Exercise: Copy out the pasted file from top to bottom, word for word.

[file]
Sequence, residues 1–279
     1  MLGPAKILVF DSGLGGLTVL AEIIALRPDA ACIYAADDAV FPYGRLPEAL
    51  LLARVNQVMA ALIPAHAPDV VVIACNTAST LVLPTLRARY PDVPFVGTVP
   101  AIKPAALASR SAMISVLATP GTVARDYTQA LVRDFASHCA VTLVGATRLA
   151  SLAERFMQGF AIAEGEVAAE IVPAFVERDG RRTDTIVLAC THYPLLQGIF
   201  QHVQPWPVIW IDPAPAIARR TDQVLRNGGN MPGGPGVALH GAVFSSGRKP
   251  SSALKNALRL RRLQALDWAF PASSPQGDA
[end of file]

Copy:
Sequence, residues 1–279
     1  MLGPAKILVF DSGLGGLTVL AEIIALRPDA ACIYAADDAV FPYGRLPEAL
    51  LLARVNQVMA ALIPAHAPDV VVIACNTAST LVLPTLRARY PDVPFVGTVP
   101  AIKPAALASR SAMISVLATP GTVARDYTQA LVRDFASHCA VTLVGATRLA
   151  SLAERFMQGF AIAEGEVAAE IVPAFVERDG RRTDTIVLAC THYPLLQGIF
   201  QHVQPWPVIW IDPAPAIARR TDQVLRNGGN MPGGPGVALH GAVFSSGRKP
   251  SSALKNALRL RRLQALDWAF PASSPQGDA